5
Dec
2012

Midwest USA Fireball December 5, 2012

The American Meteor Society has received 15 reports of a bright meteor that occurred near 21:30 (9:30pm CST) on Tuesday December 4, 2012. A majority of the reports have been received from Missouri, but observers located in Texas and Illinois have also reported seeing this object. Brightness estimates of this fireball vary considerably, but the average lies near in excess of magnitude-13, which is brighter than the light produced by the full moon.. Every color of the rainbow has been reported with yellow and orange being most mentioned. Individual reports may be viewed in the 2012 AMS Fireball Table Refer to event #2069 for 2012.

For those not familiar with meteors and fireballs, a fireball is a meteor that is larger than normal. Most meteors are only the size of small pebbles. A meteor the size of a softball can produce light equivalent to the full moon for a short instant. The reason for this is the extreme velocity at which these objects strike the atmosphere. Even the slowest meteors are still traveling at 10 miles per SECOND, which is much faster than a speeding bullet. Fireballs occur every day over all parts of the Earth. It is rare though for an individual to see more than one or two per lifetime as they also occur during the day, on a cloudy night, or over a remote area where no one sees it. Observing during one of the major annual meteor showers can increase your chance of seeing another one of these bright meteors.

Meteors often appear much closer than they really are. I receive countless reports that the object landed just over the hill when in fact it was several hundred miles away and was witnessed over several states. It is your perspective that makes meteors appear to strike the horizon when in fact they are still high in the atmosphere. This is much like a jetliner seen low in your sky. It appears low to you but for someone located many miles away in that direction, the jetliner is passing high overhead. Meteors become visible at approximately 50 miles above the Earth’s surface. Friction slows these objects down until they fall below the velocity necessary to produce light. At this point they still lie at least 5 miles high in the sky. They are invisible below this altitude and cannot be seen as they basically free falling to the ground at 200mph. Very few meteors actually reach the ground as 99.99% completely disintegrate while still 10-20 miles up in the atmosphere.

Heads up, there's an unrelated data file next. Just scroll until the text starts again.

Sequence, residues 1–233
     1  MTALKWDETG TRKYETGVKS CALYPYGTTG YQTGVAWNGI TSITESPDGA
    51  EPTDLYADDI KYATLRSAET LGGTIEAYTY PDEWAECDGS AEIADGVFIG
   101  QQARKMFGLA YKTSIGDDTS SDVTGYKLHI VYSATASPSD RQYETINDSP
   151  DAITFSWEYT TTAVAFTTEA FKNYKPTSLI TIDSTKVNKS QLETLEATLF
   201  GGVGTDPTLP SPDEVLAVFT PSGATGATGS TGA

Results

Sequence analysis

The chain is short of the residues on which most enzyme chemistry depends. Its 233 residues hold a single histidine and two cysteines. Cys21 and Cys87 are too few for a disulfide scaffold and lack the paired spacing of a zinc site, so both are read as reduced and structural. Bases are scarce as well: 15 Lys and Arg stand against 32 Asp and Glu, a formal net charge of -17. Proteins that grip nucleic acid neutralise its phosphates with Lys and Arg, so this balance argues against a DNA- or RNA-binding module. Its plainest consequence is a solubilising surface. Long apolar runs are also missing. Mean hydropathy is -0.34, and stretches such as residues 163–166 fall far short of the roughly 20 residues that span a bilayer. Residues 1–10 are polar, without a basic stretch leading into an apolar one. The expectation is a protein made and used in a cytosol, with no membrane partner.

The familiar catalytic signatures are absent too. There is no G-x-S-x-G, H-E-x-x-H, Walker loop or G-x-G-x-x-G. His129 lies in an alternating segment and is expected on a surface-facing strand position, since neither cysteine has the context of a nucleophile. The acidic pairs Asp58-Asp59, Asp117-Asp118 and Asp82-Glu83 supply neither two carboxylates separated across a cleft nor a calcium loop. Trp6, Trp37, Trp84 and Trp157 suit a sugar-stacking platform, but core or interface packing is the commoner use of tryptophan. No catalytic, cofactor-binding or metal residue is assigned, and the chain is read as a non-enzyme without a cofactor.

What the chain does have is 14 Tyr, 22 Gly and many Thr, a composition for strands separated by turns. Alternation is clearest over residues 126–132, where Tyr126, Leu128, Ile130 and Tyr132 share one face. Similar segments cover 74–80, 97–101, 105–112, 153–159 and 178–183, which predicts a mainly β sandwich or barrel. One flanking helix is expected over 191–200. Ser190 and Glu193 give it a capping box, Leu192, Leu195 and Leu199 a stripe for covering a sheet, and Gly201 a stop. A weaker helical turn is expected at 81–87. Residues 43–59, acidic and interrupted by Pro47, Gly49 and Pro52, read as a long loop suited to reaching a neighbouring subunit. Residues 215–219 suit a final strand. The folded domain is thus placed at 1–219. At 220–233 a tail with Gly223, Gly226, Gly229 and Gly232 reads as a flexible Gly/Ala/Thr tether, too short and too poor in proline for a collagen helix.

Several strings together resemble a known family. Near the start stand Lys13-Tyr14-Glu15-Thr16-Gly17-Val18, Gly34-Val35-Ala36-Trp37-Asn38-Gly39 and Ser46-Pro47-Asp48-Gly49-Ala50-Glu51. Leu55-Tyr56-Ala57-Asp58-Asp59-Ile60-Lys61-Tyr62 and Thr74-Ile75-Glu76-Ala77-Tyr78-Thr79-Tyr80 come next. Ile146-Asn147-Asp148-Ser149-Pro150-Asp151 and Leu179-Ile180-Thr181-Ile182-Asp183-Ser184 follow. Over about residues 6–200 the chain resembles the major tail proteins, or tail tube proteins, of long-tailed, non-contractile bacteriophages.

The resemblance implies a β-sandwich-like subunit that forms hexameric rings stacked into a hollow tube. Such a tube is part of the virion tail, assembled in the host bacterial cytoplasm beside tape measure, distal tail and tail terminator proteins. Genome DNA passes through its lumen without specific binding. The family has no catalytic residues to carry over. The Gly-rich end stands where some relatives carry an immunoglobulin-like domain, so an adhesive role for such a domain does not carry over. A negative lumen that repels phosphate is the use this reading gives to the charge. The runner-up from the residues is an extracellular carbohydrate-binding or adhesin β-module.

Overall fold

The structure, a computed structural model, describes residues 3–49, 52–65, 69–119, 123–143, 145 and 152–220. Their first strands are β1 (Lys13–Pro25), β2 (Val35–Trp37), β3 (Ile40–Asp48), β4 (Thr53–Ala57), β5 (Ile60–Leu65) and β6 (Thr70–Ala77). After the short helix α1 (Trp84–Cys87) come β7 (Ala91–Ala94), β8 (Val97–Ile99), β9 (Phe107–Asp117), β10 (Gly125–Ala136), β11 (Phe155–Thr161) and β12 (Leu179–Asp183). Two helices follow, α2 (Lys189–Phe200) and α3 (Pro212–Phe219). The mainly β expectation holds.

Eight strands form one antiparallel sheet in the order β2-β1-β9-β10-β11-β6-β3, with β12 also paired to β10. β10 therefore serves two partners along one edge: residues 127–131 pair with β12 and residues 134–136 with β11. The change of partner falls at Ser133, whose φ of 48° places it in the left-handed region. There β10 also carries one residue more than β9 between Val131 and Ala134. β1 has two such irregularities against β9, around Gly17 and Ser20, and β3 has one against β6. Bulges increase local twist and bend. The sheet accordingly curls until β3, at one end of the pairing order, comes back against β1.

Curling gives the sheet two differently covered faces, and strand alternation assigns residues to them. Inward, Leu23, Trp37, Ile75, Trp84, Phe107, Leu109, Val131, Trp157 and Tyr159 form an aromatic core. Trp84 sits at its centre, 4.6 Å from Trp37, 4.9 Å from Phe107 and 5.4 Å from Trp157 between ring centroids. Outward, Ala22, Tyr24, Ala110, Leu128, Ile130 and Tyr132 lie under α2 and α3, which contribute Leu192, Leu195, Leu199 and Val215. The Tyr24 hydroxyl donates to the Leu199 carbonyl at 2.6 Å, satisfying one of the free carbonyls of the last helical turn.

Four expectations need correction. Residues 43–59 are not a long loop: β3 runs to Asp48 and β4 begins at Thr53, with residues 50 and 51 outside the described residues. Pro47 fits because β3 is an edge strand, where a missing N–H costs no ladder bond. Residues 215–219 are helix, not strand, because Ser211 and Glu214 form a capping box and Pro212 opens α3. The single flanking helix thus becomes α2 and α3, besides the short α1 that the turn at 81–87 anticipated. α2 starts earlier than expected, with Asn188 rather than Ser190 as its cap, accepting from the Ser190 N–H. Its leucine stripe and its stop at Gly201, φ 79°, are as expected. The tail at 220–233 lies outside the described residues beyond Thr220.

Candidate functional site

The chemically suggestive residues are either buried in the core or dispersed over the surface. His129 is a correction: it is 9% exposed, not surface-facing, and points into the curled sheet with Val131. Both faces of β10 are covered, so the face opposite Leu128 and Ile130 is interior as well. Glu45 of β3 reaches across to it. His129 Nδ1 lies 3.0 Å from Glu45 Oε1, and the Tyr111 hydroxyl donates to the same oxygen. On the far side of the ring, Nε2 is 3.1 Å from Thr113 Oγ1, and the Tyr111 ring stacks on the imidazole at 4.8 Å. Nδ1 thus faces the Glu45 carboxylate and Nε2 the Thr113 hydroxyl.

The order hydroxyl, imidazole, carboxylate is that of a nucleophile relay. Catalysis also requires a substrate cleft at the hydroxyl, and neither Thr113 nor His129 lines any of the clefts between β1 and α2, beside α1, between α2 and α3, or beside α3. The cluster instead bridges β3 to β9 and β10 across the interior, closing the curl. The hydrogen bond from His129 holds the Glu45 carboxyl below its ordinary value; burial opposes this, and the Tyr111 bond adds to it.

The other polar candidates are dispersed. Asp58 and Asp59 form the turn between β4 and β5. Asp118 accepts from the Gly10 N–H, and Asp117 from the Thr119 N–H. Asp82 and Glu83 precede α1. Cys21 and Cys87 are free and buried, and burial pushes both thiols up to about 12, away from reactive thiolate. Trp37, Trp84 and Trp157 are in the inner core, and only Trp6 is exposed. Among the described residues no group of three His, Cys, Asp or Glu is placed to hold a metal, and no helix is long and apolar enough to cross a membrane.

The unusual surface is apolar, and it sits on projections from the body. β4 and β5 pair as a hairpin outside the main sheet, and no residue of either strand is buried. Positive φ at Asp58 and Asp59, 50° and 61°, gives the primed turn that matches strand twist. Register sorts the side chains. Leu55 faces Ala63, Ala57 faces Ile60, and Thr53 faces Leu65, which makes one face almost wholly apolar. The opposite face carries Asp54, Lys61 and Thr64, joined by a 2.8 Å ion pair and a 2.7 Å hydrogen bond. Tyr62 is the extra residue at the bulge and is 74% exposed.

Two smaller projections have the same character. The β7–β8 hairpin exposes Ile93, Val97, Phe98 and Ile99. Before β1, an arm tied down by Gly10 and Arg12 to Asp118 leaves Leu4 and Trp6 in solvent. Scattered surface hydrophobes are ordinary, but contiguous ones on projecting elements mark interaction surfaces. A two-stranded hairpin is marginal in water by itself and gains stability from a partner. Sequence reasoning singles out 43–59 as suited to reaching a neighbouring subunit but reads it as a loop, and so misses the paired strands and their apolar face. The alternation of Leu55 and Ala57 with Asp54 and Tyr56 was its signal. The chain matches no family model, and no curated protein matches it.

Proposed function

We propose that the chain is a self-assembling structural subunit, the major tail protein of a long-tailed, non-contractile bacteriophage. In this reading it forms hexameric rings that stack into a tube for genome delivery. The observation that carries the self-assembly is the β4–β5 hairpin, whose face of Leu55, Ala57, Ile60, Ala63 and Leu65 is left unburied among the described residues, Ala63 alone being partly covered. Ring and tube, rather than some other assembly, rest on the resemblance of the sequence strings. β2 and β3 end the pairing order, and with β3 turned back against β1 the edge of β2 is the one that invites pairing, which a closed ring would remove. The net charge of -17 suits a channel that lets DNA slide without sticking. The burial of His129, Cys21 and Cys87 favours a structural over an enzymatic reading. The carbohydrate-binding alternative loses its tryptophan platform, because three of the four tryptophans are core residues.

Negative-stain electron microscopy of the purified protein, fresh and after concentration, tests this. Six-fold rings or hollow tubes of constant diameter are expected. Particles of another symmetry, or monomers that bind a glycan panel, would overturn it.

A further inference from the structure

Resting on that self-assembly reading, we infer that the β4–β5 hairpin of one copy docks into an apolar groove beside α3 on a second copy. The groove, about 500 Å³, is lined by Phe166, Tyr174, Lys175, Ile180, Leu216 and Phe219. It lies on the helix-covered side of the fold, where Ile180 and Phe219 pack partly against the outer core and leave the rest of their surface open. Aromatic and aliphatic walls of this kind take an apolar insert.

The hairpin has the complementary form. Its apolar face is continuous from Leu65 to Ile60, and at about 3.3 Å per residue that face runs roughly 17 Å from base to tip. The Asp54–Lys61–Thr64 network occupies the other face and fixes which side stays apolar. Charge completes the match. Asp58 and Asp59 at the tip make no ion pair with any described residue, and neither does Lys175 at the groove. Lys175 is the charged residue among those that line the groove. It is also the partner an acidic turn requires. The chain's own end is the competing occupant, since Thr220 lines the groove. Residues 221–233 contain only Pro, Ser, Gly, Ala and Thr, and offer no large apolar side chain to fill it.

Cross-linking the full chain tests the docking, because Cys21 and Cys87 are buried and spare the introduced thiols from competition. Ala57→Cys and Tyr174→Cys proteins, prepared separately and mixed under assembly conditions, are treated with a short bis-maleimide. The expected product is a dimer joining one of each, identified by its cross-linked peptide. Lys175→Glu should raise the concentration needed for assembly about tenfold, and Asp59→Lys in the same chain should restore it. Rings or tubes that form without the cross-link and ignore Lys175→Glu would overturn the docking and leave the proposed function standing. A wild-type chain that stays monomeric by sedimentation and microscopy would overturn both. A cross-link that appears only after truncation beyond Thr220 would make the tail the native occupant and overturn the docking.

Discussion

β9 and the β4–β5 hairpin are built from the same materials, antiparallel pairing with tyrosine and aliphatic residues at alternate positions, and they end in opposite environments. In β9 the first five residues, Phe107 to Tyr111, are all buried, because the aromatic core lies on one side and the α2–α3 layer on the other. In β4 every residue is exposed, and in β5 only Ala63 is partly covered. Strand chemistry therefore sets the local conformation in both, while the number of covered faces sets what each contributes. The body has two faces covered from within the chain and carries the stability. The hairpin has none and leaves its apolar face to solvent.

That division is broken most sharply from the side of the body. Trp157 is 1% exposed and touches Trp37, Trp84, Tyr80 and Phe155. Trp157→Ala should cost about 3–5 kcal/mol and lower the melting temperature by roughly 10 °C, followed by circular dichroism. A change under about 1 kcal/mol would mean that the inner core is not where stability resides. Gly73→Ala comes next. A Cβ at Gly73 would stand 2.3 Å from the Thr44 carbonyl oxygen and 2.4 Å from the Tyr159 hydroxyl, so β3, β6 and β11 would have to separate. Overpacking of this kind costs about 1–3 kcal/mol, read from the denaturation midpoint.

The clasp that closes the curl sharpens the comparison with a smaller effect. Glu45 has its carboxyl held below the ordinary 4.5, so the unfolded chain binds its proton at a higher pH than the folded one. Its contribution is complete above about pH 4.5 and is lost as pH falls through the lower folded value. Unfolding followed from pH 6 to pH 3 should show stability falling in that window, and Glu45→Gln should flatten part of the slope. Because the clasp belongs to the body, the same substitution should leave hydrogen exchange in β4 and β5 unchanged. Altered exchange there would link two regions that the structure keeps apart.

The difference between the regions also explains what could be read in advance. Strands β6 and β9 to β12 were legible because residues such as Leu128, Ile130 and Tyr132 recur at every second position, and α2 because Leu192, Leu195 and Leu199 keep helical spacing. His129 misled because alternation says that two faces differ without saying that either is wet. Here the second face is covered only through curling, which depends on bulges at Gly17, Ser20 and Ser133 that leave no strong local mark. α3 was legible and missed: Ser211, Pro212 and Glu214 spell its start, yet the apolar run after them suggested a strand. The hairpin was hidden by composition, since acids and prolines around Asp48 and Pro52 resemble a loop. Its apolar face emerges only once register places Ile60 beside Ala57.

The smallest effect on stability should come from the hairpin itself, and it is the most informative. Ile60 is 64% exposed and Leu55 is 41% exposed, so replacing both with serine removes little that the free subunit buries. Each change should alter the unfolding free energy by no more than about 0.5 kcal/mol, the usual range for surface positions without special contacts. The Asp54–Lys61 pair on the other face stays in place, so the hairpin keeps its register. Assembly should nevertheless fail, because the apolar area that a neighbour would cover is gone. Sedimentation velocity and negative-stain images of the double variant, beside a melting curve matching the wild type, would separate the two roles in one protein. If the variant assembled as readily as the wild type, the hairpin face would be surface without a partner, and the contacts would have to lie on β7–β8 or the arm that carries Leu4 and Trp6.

Robert Lunsford
American Meteor Society

About Robert Lunsford

Bob has been interested in the stars as far back as he can recall His first experience with meteors was a biggie, the 1966 Leonid shower. In 1980, a major awaking occurred. He received a sample copy of Meteor News. He was amazed to learn there was a group actually devoted strictly to meteor observing! He joined the group also started to view some of the minor showers list among the pages of Meteor News. Lastly, he was contracted by Springer Publishing in 2007 to write a book on observing meteors. The book is now available and hopefully will be a useful guide to all interested in the enjoyable field of meteor observing. More info about Robert Lunsford →
8 Responses
  1. Ronni P Kingery says: December 5, 2012 at 2:25 pm

    My wife and I live in Southern Indiana ( Mt. Vernon IN.) While in our outdoor hot tub on 12-04-12 around 9:30 we saw the meteor. We could even see a smoke trail lit by the moonlight once the meteor burned out. Igt was traveling in a westward direction.

    Ron Kingery


  2. My boyfriend and I saw this exact thing at around that same time here in Janesville, WI. We were driving on I-90, on our way home from the movies. We were hoping someone else saw it too, so it didn’t seem like we were crazy! It happened really fast, it was there and gone before I could get my phone out for a photo.


  3. Kathleen Drake says: December 8, 2012 at 12:34 am

    I saw it here in Overland Park, Kansas. I was leaving work and happened to look up and see this amazing site. And to know that this happens only once or twice in a lifetime makes it priceless!


  4. Euna Whitehead says: December 10, 2012 at 8:20 pm

    My husband and I were out walking our dog (12/04/2012 Madison, WI ) and I saw what I thought was a Aircraft moving fast across the sky than it occurred to me that it was moving to fast for a Airplane, the closer it got to the earth I could see that it was a Fireball/Meteorite. I got so excited that I posted it on my FaceBook page the next day.


  5. me and my daughter saw this coming home from dance class, while in the car, she pointed it out to me, or I would have missed it.
    Hannibal, Mo.


  6. Katie patterson says: December 17, 2012 at 10:57 pm

    Saw fireball Dec. 4 at app. 9:30 in northwestern sky. Was bluish in color, like a LED light. Extremely large and bright with a tail that lingered for a minute or more. Was very slow moving, had nothing to do with the not toddies consumed.


  7. Took the dog outside about 9:30 PM.on 12/4/12 I happened to look up in the sky and saw this fireball coming towards me. I was kind of freaked out because it looked like it was low in the sky and I thought it was going to fall to earth. I watched it for about 10 seconds while it passed by. It was bright orange and had a tail to it. I even called the police and asked if anyone else had reported it. They said no. It was traveling from North East to South West. I live in Farmington Minnesota.


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